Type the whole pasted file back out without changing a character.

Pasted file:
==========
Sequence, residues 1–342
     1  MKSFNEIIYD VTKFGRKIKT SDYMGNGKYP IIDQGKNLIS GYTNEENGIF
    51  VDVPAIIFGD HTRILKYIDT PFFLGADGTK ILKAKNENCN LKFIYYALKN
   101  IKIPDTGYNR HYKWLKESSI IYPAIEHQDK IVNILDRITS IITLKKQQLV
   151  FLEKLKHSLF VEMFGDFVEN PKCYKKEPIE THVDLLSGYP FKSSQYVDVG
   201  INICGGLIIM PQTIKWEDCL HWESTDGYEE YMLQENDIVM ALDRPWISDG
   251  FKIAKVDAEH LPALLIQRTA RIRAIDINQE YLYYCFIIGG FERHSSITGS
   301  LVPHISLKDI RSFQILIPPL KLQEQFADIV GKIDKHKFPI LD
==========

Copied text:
Sequence, residues 1–342
     1  MKSFNEIIYD VTKFGRKIKT SDYMGNGKYP IIDQGKNLIS GYTNEENGIF
    51  VDVPAIIFGD HTRILKYIDT PFFLGADGTK ILKAKNENCN LKFIYYALKN
   101  IKIPDTGYNR HYKWLKESSI IYPAIEHQDK IVNILDRITS IITLKKQQLV
   151  FLEKLKHSLF VEMFGDFVEN PKCYKKEPIE THVDLLSGYP FKSSQYVDVG
   201  INICGGLIIM PQTIKWEDCL HWESTDGYEE YMLQENDIVM ALDRPWISDG
   251  FKIAKVDAEH LPALLIQRTA RIRAIDINQE YLYYCFIIGG FERHSSITGS
   301  LVPHISLKDI RSFQILIPPL KLQEQFADIV GKIDKHKFPI LD